THE CORONATION BIBLE 

 

Spine Handsewn silk headbands
Silk doublures Limited edition

LIMITED EDITION OF SIXTY SETS

At her coronation, Queen Elizabeth II took her oath on a Bible created especially for the ceremony. The commission fell to Sangorski & Sutcliffe, which – 60 years on – remains one of the last practitioners of fine bookbinding in the country. In collaboration with the Folio Society we are delighted to present a new edition bound in our bindery of the Diamond Jubilee Bible. Inspired by the design of the Coronation Bible, it is hand-bound and limited to 60 numbered copies.

The book is being  produced to the same exacting standards as employed sixty years ago for the Coronation Bible. There will be hand-sewn sheets, and silk head- and tailbands. The binding will be in the finest vegetable tanned goatskin, hand-tooled with gold leaf.

The Folio Society's Production Director Joe Whitlock Blundell has chosen sheets of a limited edition of the King James Bible, of which the Folio Society still hold some unbound sheets. He agreed that they would be ideal for the purpose.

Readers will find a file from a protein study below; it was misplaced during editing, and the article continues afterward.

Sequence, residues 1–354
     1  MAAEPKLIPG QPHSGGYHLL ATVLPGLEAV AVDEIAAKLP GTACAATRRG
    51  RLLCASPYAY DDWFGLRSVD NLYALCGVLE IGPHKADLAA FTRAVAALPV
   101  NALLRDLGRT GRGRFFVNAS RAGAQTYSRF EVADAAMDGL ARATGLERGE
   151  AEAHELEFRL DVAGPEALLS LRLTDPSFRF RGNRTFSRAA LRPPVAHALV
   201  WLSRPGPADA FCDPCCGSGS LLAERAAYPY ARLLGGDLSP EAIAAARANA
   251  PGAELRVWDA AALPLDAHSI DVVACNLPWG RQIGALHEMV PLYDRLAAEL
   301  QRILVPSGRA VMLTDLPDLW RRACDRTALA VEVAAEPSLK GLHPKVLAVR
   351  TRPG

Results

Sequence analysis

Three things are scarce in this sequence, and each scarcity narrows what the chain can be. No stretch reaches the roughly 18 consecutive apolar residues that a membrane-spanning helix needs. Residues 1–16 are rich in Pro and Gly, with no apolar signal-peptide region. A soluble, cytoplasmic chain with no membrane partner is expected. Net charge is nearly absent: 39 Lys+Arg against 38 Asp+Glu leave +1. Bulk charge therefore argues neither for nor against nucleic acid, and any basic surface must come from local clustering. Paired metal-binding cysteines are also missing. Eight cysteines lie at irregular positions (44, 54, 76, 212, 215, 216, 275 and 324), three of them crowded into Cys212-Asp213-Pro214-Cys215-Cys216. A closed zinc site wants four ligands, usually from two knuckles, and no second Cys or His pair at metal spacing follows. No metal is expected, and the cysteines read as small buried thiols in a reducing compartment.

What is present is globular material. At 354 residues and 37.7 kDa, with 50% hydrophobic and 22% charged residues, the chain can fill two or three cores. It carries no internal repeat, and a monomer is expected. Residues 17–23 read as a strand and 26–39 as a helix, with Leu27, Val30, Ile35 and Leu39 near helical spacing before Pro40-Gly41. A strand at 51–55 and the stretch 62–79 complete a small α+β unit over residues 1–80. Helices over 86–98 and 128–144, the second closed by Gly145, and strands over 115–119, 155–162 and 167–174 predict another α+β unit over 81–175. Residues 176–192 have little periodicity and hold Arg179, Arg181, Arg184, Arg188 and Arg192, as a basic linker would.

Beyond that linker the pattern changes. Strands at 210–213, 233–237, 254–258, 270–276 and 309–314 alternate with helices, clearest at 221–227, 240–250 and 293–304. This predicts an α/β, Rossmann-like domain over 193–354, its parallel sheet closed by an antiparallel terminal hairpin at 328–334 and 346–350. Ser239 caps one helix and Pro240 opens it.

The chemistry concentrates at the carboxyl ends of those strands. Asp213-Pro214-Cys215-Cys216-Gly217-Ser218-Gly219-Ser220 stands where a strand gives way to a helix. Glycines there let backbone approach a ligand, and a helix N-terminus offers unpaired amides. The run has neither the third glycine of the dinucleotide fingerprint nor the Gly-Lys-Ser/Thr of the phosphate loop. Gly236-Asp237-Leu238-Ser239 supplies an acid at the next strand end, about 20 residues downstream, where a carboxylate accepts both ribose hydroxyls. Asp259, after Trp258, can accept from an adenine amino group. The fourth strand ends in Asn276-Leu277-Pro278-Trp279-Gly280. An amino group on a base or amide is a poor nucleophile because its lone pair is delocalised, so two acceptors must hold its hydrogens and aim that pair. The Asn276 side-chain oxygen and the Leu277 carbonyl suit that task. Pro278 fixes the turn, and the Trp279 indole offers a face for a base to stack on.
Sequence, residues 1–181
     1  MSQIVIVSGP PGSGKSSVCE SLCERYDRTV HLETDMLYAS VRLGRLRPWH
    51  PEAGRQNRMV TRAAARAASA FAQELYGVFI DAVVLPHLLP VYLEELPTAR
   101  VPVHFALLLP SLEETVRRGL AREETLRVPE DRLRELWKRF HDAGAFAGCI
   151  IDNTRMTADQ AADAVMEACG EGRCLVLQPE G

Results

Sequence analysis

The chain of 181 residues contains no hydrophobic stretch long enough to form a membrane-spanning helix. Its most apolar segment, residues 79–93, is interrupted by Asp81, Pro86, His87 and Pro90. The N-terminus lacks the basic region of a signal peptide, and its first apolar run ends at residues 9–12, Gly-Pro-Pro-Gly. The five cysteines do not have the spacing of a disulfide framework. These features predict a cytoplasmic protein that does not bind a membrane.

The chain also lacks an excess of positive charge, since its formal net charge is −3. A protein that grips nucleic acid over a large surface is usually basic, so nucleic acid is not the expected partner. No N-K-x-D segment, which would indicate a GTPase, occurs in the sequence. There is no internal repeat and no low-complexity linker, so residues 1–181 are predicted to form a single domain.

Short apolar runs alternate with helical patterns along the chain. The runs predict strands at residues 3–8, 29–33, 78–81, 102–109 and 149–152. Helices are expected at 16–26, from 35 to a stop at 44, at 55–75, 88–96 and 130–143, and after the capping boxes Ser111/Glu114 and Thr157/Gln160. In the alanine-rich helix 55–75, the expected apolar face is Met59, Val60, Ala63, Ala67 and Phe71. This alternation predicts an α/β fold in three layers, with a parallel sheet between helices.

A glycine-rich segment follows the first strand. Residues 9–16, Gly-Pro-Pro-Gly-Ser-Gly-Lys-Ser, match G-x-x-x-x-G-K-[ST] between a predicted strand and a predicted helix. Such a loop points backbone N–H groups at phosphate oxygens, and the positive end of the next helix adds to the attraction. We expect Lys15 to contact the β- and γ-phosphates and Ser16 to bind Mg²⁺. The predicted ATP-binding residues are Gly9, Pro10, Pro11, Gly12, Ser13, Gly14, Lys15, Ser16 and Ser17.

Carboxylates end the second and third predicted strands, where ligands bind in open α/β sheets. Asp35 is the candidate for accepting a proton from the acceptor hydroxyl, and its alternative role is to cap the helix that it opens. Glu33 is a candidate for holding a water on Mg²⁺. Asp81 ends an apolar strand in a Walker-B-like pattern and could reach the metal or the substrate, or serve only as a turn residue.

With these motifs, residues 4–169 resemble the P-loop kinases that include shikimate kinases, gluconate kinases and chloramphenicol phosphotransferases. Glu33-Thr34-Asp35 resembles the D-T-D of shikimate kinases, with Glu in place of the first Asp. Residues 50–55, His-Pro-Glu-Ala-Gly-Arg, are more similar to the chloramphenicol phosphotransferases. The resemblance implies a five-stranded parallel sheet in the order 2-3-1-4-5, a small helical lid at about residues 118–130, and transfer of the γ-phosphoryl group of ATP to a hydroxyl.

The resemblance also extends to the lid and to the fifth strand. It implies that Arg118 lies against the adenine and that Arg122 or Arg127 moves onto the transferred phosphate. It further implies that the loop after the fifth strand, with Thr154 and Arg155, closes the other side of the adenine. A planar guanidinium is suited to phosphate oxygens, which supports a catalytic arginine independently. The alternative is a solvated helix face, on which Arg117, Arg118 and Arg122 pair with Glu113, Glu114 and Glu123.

The Coronation Bible

For more information on this unique edition of the Jubilee Bible, please contact Kim Pooley on +44  (0)20 7495 8580.

 

THE HISTORY OF THE CORONATION BIBLE

The Coronation Bible came from a limitation of 26, two of which were bound specifically for the Queen. The first was used in the coronation ceremony and is housed in Lambeth Palace; the second was presented to the Queen by the publisher, Oxford University Press. The remaining copies were given to leading dignitaries who attended the coronation. None were sold, but a very few did find their way onto the open market and have become highly prized by collectors.

Francis Sangorski and George Sutcliffe met as apprentices at the Central School of Arts and Crafts in London in 1896. The two men were employed by their tutor, Douglas Cockerell, before setting up their own business in 1901. In the years that followed, Sangorski & Sutcliffe became renowned for jewelled bindings, among the more famous of which were an illuminated manuscript of Romeo and Juliet and an elaborate copy of The Rubáiyát of Omar Khayyám that sank with the Titanic.

For the design of the Coronation Bible, Sangorski & Sutcliffe employed the distinguished artist Lynton Lamb. He too had studied under Cockerell, whose influence can be seen in Lamb’s design for the Bible. He wrote in 1953, ‘if one has taken a great deal of care over sewing the sheets to the cords, rounding the back, and making the boards true, one does not want to break down these effects by a contrary scheme of decoration’. The design he created works in perfect harmony with the spine structure, the raised bands of the spine leading to gold-tooled music staves. Using some 32 distinct skills, Sangorski & Sutcliffe hand-bound the Bible in red levant goatskin and created a cream inlay tooled in gold and black.